• I.E. – If you say to the witness on CX “is it true that you were arrested for fraud 5 years ago, and the witness denies it, even if you have the criminal records on-hand that show witness is lying you can’t admit them. Aka, you can’t “prove up the impeachment” (subject to Rule 609)

Specific Instances of Untruthfulness

  • No specific instances on direct to support opinion/reputation.
  • Specific instances of untruthfulness allowed on cross examination of any witness – fact or character (even if it is the defendant who took the stand like a dumbass) –to discredit.
    • Limited scope; acts that involve trait of dishonesty.
    • Fraud, forgery, false statements, perjury, theft by deception, material omissions from official documents.

But not- shoplifting, speeding, etc.

  • Subject to FRE 403, court “may” allow
  • Good faith requirement that specific act actually happened
  • Criminal convictions → go to Rule 609
  • No “extrinsic” evidence of specific instances of dishonest acts may
  • actually be admitted, but may be inquired into.

(possible exam trick) if evidence going towards element of claim for a party who was also a witness → this rule isn’t necessary to get it in because it is part of the substantive law (405(b))

(Recap) 608 starts w/ “except for criminal conviction under 609” →
See chart for how to go about this rule

FRE 609. Impeachment by Evidence of a Criminal Conviction

A. In General. The following rules apply to attacking a witness’s character for truthfulness by evidence of a criminal conviction:

  1. For a felony, the evidence:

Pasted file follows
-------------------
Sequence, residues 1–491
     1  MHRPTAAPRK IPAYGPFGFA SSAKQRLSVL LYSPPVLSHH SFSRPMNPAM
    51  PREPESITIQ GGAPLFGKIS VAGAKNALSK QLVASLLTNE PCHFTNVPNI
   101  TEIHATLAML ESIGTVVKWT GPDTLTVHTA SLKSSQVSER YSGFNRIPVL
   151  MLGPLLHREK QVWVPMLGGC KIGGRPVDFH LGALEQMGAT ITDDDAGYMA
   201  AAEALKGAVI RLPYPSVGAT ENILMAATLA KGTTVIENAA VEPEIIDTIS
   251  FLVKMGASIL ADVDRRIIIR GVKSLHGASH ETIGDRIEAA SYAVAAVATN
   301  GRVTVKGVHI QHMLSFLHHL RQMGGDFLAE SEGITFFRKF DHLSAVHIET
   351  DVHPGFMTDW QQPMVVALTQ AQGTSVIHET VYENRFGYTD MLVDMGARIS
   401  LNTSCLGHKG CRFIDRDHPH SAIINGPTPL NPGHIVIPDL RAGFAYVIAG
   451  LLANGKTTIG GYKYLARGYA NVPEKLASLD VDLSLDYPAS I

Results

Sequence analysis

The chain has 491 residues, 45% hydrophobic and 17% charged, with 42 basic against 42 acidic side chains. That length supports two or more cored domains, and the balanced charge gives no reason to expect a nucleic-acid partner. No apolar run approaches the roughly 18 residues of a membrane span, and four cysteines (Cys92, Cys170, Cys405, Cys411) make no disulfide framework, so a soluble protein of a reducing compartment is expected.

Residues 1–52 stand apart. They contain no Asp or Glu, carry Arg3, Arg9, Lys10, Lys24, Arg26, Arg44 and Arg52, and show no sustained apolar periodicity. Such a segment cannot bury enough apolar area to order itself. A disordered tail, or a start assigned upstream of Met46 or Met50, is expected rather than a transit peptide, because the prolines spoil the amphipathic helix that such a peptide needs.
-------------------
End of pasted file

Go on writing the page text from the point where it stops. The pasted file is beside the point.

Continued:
1. must be admitted, subject to Rule 403, in a civil case or in a criminal case in which the witness is not a defendant ; and
    2. must be admitted in a criminal case in which the witness is a defendant, if the probative value of the evidence outweighs its prejudicial effect to that defendant; and
  2. For any crime regardless of the punishment, the evidence must be admitted if the court can readily determine that establishing the elements of the crime required proving – or the witness admitting – a dishonest act or false statement.
    1. (crimen falsi crimes: counterfeiting, fraud, perjury, etc.)
      1. But not shoplifting, simple theft, robbery, etc.
        1. Looking for DECEPTION in elements
    2. Even if the crime committed involved dishonest acts → this part of the rule doesn’t apply unless the actual ELEMENTS involved proving dishonesty
    3. Punishment doesn’t matter here!!!!
      1. 403 doesn’t apply here either

Applies to ALL witnesses who testify.

  • But still only applies when conviction is offered to prove character for truthfulness
  • No restriction to method of proof

Applies to criminal & civil cases.

Punishment that actually gets imposed doesn’t matter

For past felony (that isn’t crimen falsi): probative v. prejudicial value analysis varies based on whether witness is criminal defendant or not.

  • If criminal defendant → must be more probative than prejudicial
    • (not quite flip of 403, no “substantial” requirement)
  • If civil case or not criminal defendant → subject to regular 403

Probative value is based on how it sheds light on credibility, for bringing in conviction of criminal D witness? Look to:

  • Impeachment value of the prior crime.
    • I.E. – more the previous crime is related to veracity → more probative
  • Timing of the prior conviction and subsequent criminality.
    • Closer together → more probative of untruthfulness
  • Similarity between the prior crime and the charged one. (similarity goes towards prejudicial effect badly)
  • Importance of the defendant’s testimony.
  • Centrality of credibility
    • I.E. – need for full exploration of credibility is greatest when the case boils down to a he said she said contest

Keep in mind how this rule may not be necessarily be implicated when introducing prior conviction

  • I.E. – rebutting factual assertion made by witness who said “I’ve never dealt drugs” → statement can be impeached through prior conviction and this rule isn’t even considered (go to 803(22))